India is the largest Turmeric producer globally, as it is cultivated globally, of which India contributes about 78-80%. Although Turmeric growers face some challenges, proper irrigation helps in increasing the quantity and quality of Turmeric production. In addition, with adequate irrigation in Turmeric cultivation, Turmeric growers can save valuable resources like water, money, and labor. Furthermore, with proper irrigation, Turmeric growers can protect their crops from various diseases by properly using water and fertilizers.

In addition, they can improve the quality of production because, with proper irrigation, essential nutrients will reach the crop’s roots in appropriate quantities, thus saving the crop a considerable saving in the use of water, nutrients, and fertilizers. Proper irrigation brings certain benefits for both crop quality and quantity.

Yield increase from a typical 50-60 quintals/hectare to 90/100 quintals/hectare. 30% and 50% better water efficiency than sprinkler and flood irrigation. Significant reduction in pest attacks and consequent crop diseases. Significant reduction in labor costs in Turmeric cultivation.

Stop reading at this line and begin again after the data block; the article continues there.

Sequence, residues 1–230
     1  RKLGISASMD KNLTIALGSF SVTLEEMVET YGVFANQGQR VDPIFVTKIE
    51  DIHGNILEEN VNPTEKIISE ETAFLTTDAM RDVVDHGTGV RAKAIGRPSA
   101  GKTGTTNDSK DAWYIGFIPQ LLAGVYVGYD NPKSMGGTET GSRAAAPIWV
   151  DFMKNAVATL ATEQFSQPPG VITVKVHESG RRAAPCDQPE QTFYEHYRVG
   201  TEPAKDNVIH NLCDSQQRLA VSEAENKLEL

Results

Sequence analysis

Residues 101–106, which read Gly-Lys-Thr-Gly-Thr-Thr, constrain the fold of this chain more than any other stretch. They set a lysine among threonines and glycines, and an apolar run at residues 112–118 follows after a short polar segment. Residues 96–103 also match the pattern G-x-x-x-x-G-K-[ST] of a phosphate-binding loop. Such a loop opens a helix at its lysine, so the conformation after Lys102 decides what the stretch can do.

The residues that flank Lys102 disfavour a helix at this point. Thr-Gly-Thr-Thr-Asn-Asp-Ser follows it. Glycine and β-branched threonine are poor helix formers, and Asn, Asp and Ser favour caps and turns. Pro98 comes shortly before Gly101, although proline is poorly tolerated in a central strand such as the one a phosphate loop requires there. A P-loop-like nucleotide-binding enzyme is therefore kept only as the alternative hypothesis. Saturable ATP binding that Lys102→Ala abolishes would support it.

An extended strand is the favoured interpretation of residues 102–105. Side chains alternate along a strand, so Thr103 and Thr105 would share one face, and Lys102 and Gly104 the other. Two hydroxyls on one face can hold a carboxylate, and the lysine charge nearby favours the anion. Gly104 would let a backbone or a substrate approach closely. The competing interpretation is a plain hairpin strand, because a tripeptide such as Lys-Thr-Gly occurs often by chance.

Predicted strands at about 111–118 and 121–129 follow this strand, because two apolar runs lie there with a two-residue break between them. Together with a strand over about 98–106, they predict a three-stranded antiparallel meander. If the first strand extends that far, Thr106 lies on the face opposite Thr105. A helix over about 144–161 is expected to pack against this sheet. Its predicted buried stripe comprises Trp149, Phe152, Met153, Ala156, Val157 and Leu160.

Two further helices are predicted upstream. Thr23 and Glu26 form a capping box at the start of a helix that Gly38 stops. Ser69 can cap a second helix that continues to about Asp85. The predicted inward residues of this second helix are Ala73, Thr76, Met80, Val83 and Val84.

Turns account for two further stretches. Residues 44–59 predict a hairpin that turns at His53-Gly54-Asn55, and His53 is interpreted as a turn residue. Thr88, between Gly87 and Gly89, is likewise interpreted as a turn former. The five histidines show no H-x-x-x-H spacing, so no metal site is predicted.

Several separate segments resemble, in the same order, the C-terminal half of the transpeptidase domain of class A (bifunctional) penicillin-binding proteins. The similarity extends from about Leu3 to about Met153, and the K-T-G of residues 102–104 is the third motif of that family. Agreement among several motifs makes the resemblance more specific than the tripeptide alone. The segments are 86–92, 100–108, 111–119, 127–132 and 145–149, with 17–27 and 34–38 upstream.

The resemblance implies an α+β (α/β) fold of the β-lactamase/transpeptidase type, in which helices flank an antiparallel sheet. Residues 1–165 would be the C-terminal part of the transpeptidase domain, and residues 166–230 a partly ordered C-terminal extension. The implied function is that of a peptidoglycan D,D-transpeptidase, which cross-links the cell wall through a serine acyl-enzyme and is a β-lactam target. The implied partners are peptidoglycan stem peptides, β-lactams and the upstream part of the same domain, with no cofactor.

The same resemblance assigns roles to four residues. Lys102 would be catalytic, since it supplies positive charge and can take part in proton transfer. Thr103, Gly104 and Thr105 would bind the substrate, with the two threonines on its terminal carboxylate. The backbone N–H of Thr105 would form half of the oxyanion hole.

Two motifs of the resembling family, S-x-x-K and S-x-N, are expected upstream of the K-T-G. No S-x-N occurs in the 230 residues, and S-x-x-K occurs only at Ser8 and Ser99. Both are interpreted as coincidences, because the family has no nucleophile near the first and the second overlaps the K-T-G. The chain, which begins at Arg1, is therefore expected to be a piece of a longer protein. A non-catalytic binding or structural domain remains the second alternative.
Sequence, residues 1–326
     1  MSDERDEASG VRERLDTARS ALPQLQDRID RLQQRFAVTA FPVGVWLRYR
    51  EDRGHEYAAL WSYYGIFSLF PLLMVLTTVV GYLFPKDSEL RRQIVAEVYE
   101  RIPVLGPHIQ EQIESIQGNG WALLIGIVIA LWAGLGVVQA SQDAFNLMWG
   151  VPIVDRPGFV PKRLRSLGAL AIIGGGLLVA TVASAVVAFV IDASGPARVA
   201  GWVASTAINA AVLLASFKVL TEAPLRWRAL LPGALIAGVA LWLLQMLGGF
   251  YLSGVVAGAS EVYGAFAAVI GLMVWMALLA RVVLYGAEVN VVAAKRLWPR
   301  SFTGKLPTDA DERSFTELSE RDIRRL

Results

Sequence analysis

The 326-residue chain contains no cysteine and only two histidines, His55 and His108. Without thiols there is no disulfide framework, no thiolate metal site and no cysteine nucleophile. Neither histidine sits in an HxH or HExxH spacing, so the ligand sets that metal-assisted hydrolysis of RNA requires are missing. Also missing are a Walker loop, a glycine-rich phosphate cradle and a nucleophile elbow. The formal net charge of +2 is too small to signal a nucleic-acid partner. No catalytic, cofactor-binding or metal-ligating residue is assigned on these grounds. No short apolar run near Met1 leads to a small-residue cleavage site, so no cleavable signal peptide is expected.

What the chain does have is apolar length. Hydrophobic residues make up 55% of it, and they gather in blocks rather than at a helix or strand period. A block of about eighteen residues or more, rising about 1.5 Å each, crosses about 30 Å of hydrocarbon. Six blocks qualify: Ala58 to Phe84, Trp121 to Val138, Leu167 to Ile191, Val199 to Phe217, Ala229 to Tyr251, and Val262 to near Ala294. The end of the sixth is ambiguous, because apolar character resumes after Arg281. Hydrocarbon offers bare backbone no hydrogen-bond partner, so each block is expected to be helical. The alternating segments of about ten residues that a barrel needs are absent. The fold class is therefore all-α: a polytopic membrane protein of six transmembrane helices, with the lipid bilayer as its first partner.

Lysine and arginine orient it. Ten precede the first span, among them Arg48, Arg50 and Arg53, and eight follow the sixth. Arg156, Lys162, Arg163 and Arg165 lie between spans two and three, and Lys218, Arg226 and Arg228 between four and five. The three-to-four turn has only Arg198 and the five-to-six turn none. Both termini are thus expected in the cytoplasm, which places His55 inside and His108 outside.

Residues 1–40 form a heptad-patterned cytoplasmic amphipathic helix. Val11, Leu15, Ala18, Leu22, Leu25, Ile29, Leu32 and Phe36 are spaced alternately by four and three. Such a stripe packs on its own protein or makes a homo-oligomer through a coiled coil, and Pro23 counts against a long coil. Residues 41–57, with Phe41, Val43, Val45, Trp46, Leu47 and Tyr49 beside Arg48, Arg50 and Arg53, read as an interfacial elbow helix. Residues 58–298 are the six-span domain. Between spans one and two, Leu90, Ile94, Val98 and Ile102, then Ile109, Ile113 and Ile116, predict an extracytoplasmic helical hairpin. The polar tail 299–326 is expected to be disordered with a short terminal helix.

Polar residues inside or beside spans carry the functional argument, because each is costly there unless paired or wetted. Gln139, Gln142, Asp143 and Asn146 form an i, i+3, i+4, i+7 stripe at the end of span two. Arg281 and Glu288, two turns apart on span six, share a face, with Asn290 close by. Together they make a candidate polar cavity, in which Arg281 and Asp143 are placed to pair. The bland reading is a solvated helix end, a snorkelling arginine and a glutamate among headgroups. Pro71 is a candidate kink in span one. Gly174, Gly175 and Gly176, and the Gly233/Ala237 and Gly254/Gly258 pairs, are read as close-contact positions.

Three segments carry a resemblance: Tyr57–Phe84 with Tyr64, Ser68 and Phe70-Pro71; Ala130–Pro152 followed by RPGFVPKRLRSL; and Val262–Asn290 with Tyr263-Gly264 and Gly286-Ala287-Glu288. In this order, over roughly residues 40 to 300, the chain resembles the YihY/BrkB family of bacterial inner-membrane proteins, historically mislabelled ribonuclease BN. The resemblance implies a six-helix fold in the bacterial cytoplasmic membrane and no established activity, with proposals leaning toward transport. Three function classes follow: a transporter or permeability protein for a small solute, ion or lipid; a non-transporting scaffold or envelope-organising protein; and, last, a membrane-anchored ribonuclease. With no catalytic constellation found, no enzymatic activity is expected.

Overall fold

Step 13: Importance of irrigation management for better productivity

Irrigation is an essential factor that helps maintain field potential in the crop’s root zone using drip irrigation techniques based on climatic conditions, soil type, and crop stages. For example, during the germination process, light irrigation should be done. Irrigation should be managed according to soil type, crop growth stage, and evaporation rate. Consider installing a drip irrigation system to make it easier to retain moisture. 

Step 14: Crop rotation for more plant production

If Turmeric is to be grown organically, it should be rotated with other organic crops. Using inorganic or synthetic fertilizers will affect the quality of the soil, and the crop thus produced will not be organic. Commercially, crops such as Sugarcane, Garlic, Onions, Pulses, Yam (Elephant’s Foot), Wheat, Corn, Ragi, and some other fast-growing vegetables are rotated with Turmeric. It is also cultivated as a sub-crop of Ginger and Chilli. 

Step 15: Mulching and weeding are important for better yield

The crop should be mulched immediately after planting with green leaves at 12-15 tons per hectare. Mulching can be repeated at 5 7.5 tons per hectare at 45 and 90 days after weeding, fertilizing, and earthing. Depending on the severity of the weeds, it is necessary to plant weeds three times 60, 90, and 120 days after planting. In the case of the irrigated crops, depending on the soil conditions, about 15 to 23 irrigations are to be given in clay and 40 irrigations in sandy loams.